In the wee hours of Thursday morning VH1 Classic treated us--both curious and suffering from isomnia--to our first ever viewing of the cult music film Urgh! A Music War (1981) featuring live performances of, among others, The Police, The Go-Gos, Klaus Nomi, Steel Pulse, Pere Ubu, and XTC.
A wonderful document of the "new wave" era, Urgh! has yet to see the light of day in today's home consumer market due to the loss of the original licensing agreement, making it a legal nightmare to secure all sorts of necessary releases to have it transferred to the DVD format. (The double vinyl album and the VHS versions are, sadly, both out of print and fetch a small ransom on eBay and the like.) Former Police manager Miles Copeland, the film's producer --who is said to have enough footage in storage for a potential 6-hour, 2 DVD set, if and when legal hurdles are ever cleared--retains its broadcast rights, which is why it pops up sporadically on TV and on occasional movie house and video club tours across the US.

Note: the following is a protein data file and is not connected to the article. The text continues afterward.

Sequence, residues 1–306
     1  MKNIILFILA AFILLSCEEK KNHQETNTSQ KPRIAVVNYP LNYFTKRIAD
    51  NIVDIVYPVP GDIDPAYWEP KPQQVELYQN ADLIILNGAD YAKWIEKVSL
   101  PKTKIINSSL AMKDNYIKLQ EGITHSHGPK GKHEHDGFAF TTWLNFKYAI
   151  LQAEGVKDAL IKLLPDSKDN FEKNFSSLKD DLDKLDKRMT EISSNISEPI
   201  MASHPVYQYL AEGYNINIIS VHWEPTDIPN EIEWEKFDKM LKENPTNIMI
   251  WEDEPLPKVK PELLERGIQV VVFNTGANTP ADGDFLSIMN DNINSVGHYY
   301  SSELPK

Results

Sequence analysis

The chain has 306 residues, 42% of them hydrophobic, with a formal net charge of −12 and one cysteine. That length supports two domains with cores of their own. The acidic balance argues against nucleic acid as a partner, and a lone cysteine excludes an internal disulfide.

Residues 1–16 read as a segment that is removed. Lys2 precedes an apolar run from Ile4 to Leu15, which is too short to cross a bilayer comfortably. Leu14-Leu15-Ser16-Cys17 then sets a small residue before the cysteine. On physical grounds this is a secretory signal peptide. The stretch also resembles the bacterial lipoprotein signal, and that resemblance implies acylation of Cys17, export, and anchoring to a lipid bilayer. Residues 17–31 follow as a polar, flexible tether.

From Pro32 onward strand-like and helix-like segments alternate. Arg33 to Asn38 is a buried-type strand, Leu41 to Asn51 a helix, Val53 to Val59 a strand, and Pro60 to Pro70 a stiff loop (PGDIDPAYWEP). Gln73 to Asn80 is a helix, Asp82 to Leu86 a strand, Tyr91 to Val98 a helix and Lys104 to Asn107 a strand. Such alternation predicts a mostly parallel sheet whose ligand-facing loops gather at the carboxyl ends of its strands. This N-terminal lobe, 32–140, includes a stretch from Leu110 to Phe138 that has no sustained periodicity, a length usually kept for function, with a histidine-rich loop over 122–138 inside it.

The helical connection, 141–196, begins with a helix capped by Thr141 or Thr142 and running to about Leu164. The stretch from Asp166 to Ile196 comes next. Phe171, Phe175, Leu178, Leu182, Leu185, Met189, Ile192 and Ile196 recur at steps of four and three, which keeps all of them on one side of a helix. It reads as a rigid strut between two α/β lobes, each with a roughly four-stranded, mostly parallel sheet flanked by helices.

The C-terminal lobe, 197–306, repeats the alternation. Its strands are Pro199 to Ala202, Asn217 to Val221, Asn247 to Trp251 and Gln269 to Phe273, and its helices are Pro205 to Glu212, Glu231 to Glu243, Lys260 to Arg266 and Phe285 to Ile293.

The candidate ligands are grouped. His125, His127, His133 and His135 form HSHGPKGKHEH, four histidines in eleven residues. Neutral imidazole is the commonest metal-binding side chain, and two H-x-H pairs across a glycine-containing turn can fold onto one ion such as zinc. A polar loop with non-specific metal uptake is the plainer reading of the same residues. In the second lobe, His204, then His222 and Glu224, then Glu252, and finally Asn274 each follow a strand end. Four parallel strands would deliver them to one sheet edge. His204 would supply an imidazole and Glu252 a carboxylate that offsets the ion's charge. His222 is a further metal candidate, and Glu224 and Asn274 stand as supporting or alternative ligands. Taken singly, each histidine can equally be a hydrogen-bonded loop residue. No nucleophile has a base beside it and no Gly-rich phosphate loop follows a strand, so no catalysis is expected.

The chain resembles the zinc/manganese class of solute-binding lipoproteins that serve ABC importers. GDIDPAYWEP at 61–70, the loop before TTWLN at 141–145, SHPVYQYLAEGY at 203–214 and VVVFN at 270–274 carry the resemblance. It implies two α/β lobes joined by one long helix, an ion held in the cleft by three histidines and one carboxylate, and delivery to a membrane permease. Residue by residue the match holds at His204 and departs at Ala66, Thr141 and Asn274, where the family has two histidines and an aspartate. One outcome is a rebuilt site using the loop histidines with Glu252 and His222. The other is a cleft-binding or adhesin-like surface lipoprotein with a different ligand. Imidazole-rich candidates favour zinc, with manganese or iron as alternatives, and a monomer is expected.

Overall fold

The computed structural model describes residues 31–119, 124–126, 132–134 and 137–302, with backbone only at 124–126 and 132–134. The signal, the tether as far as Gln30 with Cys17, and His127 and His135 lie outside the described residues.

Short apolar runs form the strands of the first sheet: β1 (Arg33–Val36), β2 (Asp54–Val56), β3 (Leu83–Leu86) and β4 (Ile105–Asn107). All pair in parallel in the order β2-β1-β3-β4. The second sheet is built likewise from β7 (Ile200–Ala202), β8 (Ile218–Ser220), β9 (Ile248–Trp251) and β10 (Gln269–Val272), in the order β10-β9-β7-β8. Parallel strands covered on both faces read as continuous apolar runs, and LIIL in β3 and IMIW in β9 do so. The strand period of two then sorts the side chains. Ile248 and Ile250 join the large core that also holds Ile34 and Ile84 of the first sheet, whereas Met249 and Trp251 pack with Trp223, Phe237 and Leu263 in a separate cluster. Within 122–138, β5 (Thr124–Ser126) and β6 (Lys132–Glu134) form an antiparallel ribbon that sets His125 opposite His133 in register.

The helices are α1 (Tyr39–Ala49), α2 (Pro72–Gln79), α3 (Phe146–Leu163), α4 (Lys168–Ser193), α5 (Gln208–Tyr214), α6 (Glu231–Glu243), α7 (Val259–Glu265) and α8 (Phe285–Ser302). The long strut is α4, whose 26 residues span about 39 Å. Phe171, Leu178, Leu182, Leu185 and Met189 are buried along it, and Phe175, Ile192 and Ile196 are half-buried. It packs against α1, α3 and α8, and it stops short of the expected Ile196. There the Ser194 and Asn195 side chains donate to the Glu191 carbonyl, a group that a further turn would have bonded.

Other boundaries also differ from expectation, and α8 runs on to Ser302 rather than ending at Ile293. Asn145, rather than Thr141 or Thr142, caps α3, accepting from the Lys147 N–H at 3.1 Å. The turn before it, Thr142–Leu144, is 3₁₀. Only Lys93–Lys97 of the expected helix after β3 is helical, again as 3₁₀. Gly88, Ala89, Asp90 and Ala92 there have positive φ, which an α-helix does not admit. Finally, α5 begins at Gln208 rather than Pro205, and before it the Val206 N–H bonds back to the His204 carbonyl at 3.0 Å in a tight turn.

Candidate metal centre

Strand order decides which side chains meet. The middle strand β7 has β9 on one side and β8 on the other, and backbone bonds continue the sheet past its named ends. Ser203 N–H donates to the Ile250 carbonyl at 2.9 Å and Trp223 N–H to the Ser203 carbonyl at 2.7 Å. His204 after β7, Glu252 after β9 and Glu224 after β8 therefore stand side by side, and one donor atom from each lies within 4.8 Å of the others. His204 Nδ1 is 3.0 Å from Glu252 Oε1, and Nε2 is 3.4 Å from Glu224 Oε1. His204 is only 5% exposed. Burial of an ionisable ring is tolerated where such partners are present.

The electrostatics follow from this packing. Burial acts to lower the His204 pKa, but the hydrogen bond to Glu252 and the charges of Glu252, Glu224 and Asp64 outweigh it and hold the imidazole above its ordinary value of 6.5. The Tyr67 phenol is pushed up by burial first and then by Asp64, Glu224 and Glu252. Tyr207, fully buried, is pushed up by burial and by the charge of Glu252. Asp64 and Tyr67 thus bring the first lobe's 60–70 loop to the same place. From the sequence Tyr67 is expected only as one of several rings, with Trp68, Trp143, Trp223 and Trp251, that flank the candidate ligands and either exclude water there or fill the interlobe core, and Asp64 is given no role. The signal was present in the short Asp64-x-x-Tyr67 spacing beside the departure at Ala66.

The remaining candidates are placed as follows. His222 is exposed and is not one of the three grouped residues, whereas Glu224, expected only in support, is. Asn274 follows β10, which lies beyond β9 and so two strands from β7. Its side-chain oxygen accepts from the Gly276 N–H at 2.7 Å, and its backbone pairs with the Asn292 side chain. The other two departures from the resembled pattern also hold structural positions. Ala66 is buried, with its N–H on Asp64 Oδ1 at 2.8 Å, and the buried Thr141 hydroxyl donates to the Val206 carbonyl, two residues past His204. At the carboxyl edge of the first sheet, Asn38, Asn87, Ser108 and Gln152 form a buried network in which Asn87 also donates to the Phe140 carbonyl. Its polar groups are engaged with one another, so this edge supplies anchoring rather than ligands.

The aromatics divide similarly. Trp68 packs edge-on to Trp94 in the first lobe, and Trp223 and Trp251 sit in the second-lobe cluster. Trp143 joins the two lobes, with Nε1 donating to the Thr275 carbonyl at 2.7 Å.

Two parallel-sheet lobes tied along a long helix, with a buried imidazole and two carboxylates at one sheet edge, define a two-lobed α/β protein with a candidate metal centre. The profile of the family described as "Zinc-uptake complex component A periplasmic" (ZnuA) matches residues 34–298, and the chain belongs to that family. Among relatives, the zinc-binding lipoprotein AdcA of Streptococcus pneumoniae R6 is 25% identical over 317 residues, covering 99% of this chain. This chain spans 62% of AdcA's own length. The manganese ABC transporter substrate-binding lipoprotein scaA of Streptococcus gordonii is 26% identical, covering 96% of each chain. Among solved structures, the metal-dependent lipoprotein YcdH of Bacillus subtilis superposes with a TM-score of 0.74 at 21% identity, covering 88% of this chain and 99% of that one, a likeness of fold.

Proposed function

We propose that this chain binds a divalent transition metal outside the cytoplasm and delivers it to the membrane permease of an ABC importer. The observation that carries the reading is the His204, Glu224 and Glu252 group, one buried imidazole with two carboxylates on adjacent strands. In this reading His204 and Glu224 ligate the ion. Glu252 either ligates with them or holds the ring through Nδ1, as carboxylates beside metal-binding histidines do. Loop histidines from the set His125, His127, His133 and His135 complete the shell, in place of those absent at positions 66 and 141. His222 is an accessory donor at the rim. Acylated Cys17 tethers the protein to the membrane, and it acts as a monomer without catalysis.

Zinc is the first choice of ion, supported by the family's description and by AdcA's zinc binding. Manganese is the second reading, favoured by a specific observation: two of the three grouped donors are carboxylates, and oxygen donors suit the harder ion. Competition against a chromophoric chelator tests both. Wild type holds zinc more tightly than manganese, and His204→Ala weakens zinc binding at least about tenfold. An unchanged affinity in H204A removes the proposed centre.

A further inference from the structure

Our personal highlight was watching XTC perform "Respectable Street", originally from their classic album Black Sea (1980), at the height of their powers with the simply incomparable Partridge/Moulding/Gregory/Chambers lineup. More so in light of the fact that due to vocalist/guitarist Andy Partridge's crippling stage fright the band retired from live performance in 1982, never to perform in front of an audience again. (They have made very rare exceptions however, such as performing vocalist/bassist Colin Moulding's "King for a Day" live on Late Night with David Letterman in 1989, to promote the Oranges and Lemons album.) We own the hard-to-find 1980 Live at the BBC Concert (released in 1993), caught them on Letterman, and even had the pleasure of meeting Messrs. Partridge and Moulding in the late '90s, but had never seen them perform live in front of a crowd in any way shape or form. And while we weren't surprised by their mesmerizing stage presence, we were in awe nonetheless.
In the years since they stopped performing live, XTC have remained busy as a studio-bound act and released a veritable treasure trove of critically acclaimed albums. Unfortunately, in 2006--the band's 30th anniversary--Partridge stated in interviews that Moulding has lost interest in making music and thus the XTC moniker will be retired until such time as the aforementioned Moulding has a change of heart. In a strange turn of events, Partridge has recently resolved his differences with former XTC guitarist/keyboardist/arranger Dave Gregory--who left in 1998 during the Apple Venus sessions--and are contemplating working together again. Make plans for Colin, guys. Please.